Business cards have a far more important social meaning in China than they do in the West and anyone of significance is expected to not only have them but to carry them on their person for introductions and greetings. If your school doesn"t automatically provide you with name cards, ask if you can purchase them from the school or have someone take you to a stationer"s to have them made. They are relatively inexpensive here.
In China, it is considered polite to both receive and offer business cards with both hands (gently grasp each end of the card laterally between your thumbs and index fingers and extend both arms), especially when receiving them from and offering them to anyone who is of a higher social rank. When receiving a business card, take a few moments to examine it before putting it in your pocket¡ªthis denotes both interest and respect. This practice of using both hands to receive or pass anything is quite common, and you will notice that waitresses, for example, will often receive your money and provide your change with both hands.
The Chinese believe that the number eight (especially), and also the number six are lucky numbers. One mobile phone number with a string of eights, i.e., 138-8888-8888 was selling in one city for 50,000 yuan (USD $7,000). The number four is considered very unlucky in China as the spoken words for "to die" (si3) and the number four (si4) are separated by only one tone.
Related, one will commonly see an array of fortune tellers positioned along the city"s main streets selling their insights into your future for 20 yuan. And although most Chinese of the younger generation dismiss the significance of astrology in their day-to-day lives, the majority of college students we surveyed indicated that they will most definitely consult an astrologer before getting married for the purpose of selecting a "lucky day." Given the heavy influence of guanxi in their lives, most Chinese believe that success is as much (or more) the result of good fortune than it is self-efficacy and hard work. Restated, most Chinese operate in their day-to-day lives from the perspective of an external locus of control while most Western people function from an internal locus of control, i.e., we believe that hard work, talent, and determination account primarily for success in life: As a rule, the Chinese do not.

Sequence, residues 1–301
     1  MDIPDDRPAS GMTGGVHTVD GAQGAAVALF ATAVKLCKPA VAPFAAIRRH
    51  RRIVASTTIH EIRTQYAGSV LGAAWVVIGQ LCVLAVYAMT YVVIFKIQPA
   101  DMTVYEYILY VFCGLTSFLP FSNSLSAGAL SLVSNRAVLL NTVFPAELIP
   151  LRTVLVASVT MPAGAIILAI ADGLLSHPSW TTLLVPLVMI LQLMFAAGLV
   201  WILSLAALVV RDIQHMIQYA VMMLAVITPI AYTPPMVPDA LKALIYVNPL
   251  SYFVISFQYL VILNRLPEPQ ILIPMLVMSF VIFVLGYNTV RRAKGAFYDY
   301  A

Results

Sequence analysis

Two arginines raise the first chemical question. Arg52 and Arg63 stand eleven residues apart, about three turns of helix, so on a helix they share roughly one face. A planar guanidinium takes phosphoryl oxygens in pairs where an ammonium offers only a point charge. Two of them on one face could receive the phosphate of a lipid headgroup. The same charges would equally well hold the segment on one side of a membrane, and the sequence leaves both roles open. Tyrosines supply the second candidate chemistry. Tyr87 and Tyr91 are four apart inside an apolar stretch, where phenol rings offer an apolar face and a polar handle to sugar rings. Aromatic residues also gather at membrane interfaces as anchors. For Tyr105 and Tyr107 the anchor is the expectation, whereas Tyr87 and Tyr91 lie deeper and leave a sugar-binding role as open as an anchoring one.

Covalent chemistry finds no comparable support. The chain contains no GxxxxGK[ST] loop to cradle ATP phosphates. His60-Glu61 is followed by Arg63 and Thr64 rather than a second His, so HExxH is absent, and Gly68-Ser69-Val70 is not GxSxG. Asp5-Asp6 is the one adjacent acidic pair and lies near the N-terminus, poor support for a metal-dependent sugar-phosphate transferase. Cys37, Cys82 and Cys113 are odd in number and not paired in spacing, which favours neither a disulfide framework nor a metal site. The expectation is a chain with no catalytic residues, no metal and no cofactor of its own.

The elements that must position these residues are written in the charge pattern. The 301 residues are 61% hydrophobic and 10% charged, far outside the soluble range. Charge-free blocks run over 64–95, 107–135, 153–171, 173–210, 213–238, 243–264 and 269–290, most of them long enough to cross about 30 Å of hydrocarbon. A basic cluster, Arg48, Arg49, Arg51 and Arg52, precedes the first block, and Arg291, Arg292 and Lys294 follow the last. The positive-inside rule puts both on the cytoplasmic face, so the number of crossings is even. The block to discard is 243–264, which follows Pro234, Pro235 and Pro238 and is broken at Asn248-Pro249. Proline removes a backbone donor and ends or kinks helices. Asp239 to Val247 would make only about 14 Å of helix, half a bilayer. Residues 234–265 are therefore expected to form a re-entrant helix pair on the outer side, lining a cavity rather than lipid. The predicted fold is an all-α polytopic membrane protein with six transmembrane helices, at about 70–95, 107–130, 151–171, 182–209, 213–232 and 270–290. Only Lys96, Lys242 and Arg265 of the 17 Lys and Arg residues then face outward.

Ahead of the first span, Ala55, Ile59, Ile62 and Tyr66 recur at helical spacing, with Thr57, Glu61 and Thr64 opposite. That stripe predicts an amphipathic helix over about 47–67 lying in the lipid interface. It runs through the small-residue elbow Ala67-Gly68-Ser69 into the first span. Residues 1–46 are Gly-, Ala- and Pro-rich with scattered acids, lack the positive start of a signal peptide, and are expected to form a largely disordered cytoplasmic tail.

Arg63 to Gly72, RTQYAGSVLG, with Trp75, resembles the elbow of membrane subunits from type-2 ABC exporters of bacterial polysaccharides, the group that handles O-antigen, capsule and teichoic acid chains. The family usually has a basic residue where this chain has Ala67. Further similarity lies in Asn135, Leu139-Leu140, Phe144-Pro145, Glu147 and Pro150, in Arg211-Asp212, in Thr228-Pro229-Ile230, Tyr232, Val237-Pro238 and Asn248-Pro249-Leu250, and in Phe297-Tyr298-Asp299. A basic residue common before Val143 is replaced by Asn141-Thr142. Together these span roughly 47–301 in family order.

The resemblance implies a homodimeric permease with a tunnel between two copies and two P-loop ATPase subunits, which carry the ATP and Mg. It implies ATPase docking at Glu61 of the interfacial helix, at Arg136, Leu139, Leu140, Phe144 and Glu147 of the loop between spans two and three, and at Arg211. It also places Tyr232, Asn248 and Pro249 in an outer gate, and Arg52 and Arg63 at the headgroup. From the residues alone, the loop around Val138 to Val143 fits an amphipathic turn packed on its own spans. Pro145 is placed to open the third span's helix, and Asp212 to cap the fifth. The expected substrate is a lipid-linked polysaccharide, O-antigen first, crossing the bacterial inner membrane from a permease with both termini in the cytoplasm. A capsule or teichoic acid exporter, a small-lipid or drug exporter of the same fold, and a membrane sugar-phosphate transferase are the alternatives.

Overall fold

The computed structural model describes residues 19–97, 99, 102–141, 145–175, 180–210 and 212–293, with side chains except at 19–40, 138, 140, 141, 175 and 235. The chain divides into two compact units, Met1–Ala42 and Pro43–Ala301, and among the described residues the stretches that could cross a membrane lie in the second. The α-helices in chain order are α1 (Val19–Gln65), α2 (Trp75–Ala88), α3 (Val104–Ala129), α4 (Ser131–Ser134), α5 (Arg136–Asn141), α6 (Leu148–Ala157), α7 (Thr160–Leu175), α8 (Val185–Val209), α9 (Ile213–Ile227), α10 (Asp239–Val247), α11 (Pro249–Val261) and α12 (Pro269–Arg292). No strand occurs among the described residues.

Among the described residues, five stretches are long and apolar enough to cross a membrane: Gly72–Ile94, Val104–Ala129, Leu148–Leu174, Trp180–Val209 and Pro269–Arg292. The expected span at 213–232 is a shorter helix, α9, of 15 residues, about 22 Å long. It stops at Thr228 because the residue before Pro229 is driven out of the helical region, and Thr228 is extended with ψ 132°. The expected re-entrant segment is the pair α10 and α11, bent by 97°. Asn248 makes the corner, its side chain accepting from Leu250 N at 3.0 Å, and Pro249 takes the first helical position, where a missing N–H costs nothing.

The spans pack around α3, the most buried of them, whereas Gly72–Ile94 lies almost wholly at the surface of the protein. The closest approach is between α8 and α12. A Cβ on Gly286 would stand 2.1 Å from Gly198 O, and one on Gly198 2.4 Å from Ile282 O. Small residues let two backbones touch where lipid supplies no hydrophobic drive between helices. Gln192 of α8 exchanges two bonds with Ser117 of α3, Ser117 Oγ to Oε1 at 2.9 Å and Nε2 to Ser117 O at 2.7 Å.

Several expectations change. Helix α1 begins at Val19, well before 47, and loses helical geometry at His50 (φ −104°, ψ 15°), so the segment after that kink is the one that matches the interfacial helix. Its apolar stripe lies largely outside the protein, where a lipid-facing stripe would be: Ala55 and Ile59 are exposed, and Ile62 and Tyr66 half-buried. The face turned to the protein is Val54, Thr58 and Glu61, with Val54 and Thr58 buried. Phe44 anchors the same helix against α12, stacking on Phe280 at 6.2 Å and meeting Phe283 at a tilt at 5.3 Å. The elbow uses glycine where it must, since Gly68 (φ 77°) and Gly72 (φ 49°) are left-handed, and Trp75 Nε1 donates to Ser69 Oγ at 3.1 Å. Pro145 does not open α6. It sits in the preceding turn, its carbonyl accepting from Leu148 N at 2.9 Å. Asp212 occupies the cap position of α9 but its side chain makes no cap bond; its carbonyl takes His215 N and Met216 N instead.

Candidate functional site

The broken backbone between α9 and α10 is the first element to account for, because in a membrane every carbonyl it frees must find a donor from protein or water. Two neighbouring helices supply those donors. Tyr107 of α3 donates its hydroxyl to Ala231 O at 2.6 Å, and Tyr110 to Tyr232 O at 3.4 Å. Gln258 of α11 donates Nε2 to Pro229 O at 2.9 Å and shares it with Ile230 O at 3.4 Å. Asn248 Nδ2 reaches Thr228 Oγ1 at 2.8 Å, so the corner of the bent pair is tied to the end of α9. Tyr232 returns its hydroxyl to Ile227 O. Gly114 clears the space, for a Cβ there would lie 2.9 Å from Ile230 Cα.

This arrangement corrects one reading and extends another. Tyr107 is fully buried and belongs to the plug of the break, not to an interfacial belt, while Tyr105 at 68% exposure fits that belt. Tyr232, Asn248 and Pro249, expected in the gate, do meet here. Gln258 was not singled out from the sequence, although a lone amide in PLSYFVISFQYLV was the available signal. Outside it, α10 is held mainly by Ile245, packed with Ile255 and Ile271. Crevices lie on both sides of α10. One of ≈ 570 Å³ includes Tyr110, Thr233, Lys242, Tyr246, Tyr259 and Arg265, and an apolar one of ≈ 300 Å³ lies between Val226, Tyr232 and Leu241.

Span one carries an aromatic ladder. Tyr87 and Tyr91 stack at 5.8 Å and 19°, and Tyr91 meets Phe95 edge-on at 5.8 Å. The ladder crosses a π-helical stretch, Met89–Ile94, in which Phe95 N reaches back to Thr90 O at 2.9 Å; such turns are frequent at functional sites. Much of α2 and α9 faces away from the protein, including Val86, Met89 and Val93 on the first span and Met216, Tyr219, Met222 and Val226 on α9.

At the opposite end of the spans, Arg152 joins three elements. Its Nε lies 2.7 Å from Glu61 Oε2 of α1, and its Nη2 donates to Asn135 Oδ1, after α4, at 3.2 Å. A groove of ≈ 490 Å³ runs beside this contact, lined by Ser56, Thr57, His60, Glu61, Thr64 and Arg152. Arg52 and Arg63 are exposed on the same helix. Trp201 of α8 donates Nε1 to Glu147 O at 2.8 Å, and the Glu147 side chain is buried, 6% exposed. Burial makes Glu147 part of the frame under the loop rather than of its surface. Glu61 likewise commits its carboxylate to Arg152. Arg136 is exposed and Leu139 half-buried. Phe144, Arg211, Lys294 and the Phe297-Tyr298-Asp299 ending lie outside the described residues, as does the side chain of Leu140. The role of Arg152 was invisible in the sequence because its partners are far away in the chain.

One custom you should brace yourself for is that if you are particularly valued at your place of employment, and you must call in sick one day, you can expect a visit from a small delegation of school personnel varying in status depending on what your perceived importance is to the school. This delegation will typically come bearing fruit or some other food items, and they will only stay for about 20 to 30 minutes or so. For most Westerners, about the last thing they want to do when they are sick with fever, or some other ailment, is to have to get out of bed to receive guests, but this is the norm in China. The visit is intended to demonstrate both respect and concern, and you should be gracious about it no matter how miserable you may be feeling at the time.